It is hard for most people today who can hear well to know what it would feel like to be someone who was hearing impaired before today's advanced communication technologies were invented. In just over half-a-century, the hearing impaired have gone from being virtually unable to communicate with people around the globe with any form of communication other than the written letter to being able to communicate almost just as well as the hearing. There have been several advances in technology that have greatly improved the long-distance communication abilities of the hearing impaired that everyone should know about.
The first TTY, or telephone typewriter, machine was invented in 1964, but it took many more years until TTY machines were used on a large scale. This was the first telecommunication machine that allowed the hearing impaired to communicate with people all over the world in a somewhat similar fashion to how the hearing could communicate with the traditional telephone.
This machine, which is still used today, allows someone who is hearing impaired to type on a keyboard instead of speaking. The person on the other end then transmits a message by typing on their keyboard that can then be read on a computer screen by the hearing impaired. While some hearing impaired can speak, of course, many who are born deaf have difficulty pronouncing words correctly or speaking at all, since they have never heard the words themselves.
While it was a great communication advancement for the hard-of-hearing, the system does have some drawbacks. It can be only be used to call another person or business with TTY capabilities. Early machines were also large and bulky (similar to older computers). Even so, it was a great advancement in communication among the hard-of-hearing, and there is no question that it improved many lives for decades.
While email didn't provide quite the same experience as using a real-time TTY machine, it offered another option for the hard-of-hearing to communicate. While technically believed to have been invented in 1972, it was not widely used until the late 1990s, as you likely know. As it became popular during that time period, there is little doubt that email service was likely embraced by the deaf community.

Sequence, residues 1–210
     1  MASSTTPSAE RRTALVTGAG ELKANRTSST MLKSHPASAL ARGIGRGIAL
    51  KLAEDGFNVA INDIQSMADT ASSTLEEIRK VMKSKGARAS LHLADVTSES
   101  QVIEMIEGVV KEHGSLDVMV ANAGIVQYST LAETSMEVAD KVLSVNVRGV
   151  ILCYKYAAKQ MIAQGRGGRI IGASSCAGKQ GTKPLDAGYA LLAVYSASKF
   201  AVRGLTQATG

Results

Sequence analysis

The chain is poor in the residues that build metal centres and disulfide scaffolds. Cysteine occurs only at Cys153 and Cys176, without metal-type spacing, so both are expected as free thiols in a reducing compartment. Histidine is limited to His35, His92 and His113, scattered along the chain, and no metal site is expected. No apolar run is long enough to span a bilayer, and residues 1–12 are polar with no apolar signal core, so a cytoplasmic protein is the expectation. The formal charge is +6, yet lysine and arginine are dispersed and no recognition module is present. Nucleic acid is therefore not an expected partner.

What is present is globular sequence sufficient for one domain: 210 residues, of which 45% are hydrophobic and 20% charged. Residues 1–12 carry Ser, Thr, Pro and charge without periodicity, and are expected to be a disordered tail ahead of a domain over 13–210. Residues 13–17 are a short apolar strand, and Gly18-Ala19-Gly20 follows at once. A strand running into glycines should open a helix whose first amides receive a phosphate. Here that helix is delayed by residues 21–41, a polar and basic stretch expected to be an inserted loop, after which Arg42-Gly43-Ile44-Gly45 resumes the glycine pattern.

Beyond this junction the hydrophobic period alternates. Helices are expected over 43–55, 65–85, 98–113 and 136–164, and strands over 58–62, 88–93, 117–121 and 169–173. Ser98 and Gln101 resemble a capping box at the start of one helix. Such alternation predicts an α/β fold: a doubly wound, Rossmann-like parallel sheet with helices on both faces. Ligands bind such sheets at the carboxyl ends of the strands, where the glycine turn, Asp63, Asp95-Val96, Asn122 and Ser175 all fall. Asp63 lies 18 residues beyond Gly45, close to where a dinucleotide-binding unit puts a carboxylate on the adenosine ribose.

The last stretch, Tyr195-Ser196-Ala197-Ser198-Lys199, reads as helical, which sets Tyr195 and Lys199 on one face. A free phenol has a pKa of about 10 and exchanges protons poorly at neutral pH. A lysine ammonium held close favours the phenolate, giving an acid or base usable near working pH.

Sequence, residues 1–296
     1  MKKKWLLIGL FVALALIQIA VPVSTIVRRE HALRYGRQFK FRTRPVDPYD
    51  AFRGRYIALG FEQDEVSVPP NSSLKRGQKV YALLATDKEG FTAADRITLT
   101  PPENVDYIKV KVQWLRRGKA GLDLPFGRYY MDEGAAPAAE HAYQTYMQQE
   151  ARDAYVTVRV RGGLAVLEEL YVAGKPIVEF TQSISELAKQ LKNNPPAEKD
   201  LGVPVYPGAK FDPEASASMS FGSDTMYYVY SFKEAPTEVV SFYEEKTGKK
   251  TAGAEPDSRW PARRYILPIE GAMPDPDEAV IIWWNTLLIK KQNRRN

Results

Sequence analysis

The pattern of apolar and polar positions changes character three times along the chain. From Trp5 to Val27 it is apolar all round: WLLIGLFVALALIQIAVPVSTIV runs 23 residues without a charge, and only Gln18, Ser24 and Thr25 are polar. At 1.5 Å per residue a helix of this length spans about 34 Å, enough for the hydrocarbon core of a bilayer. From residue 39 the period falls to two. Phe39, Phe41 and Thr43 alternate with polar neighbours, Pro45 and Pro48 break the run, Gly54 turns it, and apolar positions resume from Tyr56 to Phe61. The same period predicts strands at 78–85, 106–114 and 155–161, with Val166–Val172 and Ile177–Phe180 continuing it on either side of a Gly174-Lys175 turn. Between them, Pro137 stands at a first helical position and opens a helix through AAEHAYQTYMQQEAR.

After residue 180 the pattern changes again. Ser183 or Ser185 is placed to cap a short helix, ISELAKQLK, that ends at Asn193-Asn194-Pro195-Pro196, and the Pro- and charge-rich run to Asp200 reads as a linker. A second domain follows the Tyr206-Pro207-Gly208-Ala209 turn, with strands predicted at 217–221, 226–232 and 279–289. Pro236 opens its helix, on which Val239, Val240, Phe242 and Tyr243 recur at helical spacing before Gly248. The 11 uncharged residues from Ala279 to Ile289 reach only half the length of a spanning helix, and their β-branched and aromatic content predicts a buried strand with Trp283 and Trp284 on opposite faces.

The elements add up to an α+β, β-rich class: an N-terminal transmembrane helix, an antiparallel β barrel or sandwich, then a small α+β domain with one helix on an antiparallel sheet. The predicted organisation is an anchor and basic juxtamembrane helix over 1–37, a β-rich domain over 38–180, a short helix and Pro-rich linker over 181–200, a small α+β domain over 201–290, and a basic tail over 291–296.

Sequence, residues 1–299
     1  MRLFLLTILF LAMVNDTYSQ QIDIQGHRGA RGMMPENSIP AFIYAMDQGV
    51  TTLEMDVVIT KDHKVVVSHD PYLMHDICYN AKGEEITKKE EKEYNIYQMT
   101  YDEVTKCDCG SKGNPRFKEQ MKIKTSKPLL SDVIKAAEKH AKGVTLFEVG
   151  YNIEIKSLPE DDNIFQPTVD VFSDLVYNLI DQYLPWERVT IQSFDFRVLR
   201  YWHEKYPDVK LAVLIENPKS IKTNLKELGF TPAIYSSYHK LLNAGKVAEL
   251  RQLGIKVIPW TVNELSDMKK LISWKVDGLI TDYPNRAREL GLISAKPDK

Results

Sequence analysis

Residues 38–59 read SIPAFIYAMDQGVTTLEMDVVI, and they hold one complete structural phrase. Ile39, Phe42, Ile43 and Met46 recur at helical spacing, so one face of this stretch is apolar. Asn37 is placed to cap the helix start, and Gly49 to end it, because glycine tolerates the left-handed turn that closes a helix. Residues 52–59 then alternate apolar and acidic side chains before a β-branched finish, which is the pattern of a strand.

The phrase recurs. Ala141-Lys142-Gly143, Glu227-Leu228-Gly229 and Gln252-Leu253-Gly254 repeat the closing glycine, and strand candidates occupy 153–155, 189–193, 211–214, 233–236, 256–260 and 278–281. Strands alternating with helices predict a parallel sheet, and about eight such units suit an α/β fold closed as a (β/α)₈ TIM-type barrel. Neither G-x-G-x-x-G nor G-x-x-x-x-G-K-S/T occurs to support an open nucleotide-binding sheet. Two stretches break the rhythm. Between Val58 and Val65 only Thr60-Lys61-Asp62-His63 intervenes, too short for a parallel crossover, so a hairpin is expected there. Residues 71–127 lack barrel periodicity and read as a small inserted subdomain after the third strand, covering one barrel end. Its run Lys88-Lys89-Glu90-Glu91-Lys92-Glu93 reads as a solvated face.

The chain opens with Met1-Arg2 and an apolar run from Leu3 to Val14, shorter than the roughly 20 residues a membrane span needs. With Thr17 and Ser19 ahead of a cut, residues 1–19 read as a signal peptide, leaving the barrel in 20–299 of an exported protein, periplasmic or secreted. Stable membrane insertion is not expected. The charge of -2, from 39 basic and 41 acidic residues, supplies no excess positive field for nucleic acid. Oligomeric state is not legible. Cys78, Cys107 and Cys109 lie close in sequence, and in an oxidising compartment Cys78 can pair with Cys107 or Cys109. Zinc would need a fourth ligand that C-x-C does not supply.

While email does rely on typed messages being transmitted back-and-forth, somewhat similar to how they are transmitted with a TTY, the advantage of email over TTY communication is that messages could be sent to anyone with a computer and email address. No special TTY machine is needed. This means communication is easier with anyone and everyone with email accounts.
3. Cell Phone Text or SMS
Cell phones were not user-friendly devices for the hearing impaired until the text message became popular around the same time as email. Like the other technologies, the text message, or SMS, was invented long before it became widely used, but communication technology is only useful when it is used by people you want to communicate with.
With cell phone text message, not only could the hearing impaired communicate with written words they were more effective at using, but they could also communicate on-the-go, just as other cell phone users could. The cell phone itself has changed many lives, but text messaging gives new freedom to the deaf who want to send quick messages to friends or loved ones without a huge hassle.
4. Video Conferencing
While the three aforementioned technologies all began with and improved on typed communication, video conferencing has taken communication among the hearing impaired to an entirely new level. Sure, everyone loves and benefits from this virtual face-to-face interaction, but the hard-of-hearing can use this technology to use sign language communication and read lips.
Video conferencing technology was introduced to the general public and hard-of-hearing off and on for many years, but it did not become the extremely user-friendly and reliable service it is today until the modern internet was able to take it to this level.
While being hearing impaired is still a struggle, there have been many great advances in long-distance communication that have greatly improved this aspect of the lives of those with hearing impairments. Next time you find yourself using one of these technologies, remember how important they are for people who can't use simple voice communication like you may be able to.